What is Canadian sphagnum peat moss?
➤ Canadian sphagnum peat moss (CSPM) is partially decomposed sphagnum moss. Sphagnum’s large cell structure enables it to absorb air and water like a sponge. Although peat moss does not contain nutrients, it does adsorb nutrients added to or present in the soil, releasing them over time as the plants require. This saves valuable nutrients which are otherwise lost through leaching.
Why should gardeners use Canadian sphagnum peat moss?
➤ CSPM is the best soil conditioner you can use in the garden because it provides the right balance of air and water for plants and grass. Peat moss loosens clay soils and binds sandy soils. No other soil amendment provides this combination of benefits.
Isn’t there a shortage of peatland in Canada?
Isn’t harvesting peat moss depleting these areas of wetlands?
➤ No. There are more than 113 million hectares of peatlands in Canada. Less than 0.02 percent (17,000 hectares) of Canada’s peatland area is currently being used for horticultural peat harvesting and related applications. Canadian sphagnum peat moss is a sustainable resource. Annually, peat moss accumulates at more than 60 times the rate it is harvested. Harvested bogs are returned to wetlands so the ecological balance of the area is maintained.
How much peat moss is in a bale?
➤ Peat moss is a good value since it is compressed into bales. When opened, it expands to approximately twice the amount as packaged. For best results in a garden, work 2″ of peat into the top 6″ of soil. A 3.8 cf bale will cover 40 to 45 square feet of garden.
Why should I buy peat moss when I can use compost as a soil amendment?
➤ Peat moss makes your compost more effective because peat and compost do two different things. Peat moss restructures the soil, whereas compost provides nutrients. By blending the two you can reduce compost’s tendency to compact the soil, and thus allow more water, air and nutrients to reach plant roots. In addition, the peat moss and compost combination helps retain moisture in garden beds, allowing gardeners to water less frequently. Peat also extends the life of compost in soil by four to five times.
What are the advantages of blending peat moss into my compost pile?
➤ Sphagnum peat moss can improve the composting process by speeding up the decomposition. Peat moss also retains water and reduces leaching of nutrients in the soil and minimizes odors in the compost pile. Because of its acidity, peat moss will trap and save valuable nitrogen sources that often escape compost heaps as ammonia.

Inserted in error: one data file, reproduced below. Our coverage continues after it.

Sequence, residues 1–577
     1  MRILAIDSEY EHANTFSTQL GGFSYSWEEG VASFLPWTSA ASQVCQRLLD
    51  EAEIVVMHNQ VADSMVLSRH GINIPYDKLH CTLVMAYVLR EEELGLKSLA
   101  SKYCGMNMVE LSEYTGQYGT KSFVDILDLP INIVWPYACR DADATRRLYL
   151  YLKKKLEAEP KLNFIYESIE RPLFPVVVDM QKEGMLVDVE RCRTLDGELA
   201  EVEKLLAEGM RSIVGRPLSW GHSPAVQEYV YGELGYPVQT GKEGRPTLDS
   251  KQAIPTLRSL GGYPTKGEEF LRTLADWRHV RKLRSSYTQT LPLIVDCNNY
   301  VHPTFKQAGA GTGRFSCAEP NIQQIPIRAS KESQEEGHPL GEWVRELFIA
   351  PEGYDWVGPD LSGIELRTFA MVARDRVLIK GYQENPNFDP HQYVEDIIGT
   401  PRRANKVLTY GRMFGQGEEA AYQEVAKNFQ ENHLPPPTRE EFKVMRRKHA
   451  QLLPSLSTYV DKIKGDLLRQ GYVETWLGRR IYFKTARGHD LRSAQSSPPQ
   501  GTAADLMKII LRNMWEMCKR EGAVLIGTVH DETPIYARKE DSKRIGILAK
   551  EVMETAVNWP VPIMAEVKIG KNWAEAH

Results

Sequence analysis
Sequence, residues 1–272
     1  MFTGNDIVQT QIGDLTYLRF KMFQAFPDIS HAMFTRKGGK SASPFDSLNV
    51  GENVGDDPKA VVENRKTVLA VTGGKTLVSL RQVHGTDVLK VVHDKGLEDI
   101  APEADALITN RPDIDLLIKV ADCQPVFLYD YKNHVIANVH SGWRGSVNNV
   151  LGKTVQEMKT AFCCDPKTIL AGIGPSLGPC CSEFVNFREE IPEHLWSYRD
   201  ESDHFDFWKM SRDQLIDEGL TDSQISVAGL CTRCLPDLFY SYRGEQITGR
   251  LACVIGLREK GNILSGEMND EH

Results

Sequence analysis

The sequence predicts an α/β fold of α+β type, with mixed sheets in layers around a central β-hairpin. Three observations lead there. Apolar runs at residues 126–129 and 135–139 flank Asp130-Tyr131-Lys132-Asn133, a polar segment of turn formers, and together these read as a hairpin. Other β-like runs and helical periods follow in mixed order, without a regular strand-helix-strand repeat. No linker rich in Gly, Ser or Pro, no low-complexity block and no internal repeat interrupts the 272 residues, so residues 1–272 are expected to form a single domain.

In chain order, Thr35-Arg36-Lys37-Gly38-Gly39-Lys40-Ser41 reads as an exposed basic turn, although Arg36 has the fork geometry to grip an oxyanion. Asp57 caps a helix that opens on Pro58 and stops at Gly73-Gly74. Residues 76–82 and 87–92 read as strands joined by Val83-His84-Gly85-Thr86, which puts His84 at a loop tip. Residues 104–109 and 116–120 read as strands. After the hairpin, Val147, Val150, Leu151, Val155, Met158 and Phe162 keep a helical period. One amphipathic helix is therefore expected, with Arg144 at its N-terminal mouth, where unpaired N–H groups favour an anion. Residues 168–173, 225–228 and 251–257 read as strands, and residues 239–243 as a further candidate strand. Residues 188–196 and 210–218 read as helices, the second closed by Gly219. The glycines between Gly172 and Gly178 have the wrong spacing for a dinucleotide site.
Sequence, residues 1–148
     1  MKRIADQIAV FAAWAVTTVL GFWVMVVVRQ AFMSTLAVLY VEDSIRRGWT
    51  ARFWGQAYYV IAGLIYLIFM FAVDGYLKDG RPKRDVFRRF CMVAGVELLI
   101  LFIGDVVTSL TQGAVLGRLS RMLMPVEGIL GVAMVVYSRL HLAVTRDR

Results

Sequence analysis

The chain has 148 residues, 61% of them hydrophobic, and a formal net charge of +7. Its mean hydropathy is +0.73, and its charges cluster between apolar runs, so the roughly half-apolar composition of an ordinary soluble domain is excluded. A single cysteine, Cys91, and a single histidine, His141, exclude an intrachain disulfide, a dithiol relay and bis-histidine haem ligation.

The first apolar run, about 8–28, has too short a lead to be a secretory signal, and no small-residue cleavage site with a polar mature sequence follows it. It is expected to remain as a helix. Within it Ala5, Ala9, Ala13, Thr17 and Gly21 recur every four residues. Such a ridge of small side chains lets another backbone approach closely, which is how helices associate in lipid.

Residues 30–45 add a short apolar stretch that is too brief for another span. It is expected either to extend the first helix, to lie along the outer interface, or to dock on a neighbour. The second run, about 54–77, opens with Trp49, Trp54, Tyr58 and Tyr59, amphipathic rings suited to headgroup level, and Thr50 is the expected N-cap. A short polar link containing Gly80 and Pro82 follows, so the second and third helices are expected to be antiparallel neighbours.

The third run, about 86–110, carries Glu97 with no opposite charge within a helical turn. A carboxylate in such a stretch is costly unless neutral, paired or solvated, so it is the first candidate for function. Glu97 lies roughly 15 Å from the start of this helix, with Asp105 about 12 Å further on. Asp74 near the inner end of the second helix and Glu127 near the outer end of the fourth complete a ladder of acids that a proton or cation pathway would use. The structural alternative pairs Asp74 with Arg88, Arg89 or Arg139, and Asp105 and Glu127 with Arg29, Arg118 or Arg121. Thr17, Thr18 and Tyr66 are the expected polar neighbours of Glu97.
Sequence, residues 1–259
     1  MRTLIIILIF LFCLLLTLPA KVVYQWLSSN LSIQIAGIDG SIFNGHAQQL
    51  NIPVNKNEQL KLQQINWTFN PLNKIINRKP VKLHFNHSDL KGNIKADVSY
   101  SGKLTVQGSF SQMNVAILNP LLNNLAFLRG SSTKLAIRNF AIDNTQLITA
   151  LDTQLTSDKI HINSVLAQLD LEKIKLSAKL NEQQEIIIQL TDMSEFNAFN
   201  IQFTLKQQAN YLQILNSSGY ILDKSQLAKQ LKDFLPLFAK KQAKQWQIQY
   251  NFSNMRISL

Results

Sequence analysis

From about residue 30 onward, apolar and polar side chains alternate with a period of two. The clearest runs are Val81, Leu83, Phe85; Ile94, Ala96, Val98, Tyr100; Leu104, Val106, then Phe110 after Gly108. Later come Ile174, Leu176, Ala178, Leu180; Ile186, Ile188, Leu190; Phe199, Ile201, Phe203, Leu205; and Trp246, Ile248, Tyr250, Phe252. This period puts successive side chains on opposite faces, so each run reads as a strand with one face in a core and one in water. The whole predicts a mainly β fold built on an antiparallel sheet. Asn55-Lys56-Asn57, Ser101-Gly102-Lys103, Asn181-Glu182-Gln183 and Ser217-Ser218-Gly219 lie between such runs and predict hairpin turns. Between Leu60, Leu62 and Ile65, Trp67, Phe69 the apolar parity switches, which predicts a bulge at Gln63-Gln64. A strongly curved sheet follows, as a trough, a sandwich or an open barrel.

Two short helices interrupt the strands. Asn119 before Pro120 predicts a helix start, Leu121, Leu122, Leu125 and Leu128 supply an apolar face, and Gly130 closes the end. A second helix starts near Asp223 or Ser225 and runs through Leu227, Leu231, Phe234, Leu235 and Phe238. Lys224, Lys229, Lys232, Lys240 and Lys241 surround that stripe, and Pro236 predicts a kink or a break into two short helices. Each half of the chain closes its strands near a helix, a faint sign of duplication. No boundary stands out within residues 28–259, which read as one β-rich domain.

Can I get more information on how to use peat moss?
➤ Yes. For soil amendment tips check out our brochures for information on lawns, vegetable and flower gardening, transplanting, composting, or the 16 page color brochure entitled, “The Secret of Great Gardening: The Soil.”
Can the supply of peat moss be completely depleted?
➤ No. The bogs that are being harvested will be restored to functioning wetlands. Members of the CSPMA adhere to strict guidelines in the Preservation and Reclamation Policy (for example, leaving one meter of peat moss when harvesting is completed). In addition, there are millions of acres of bogs in national parks and other preserves that can never be harvested.
I’ve heard that once peat moss dries out it’s very difficult to wet again.
How do I re-wet it?
➤ Peat moss is packaged at a controlled moisture level that allows the peat moss to be re-moistened easily. If it dries out before using, simply wet it by putting water into the bag and letting it sit overnight. You may want to add a small amount of liquid detergent to the water (it acts as a wetting agent). Once mixed properly into the soil, peat moss easily absorbs water.
What is the CSPMA Preservation and Reclamation Policy?
➤ Canadian Sphagnum Peat Moss Association (CSPMA) members agree to abide by the reclamation policy for all new bog development. It includes:
- Identifying bogs for preservation.
- Leaving buffer zones of original vegetation to encourage natural succession after harvesting.
- Leaving a layer of peat below harvesting levels to encourage rapid regrowth.
- Returning harvested bogs to a functioning peatland, or, if that’s not possible, to other wildlife habitats or agricultural production.
For more information, please go to the Preservation and Reclamation Policy.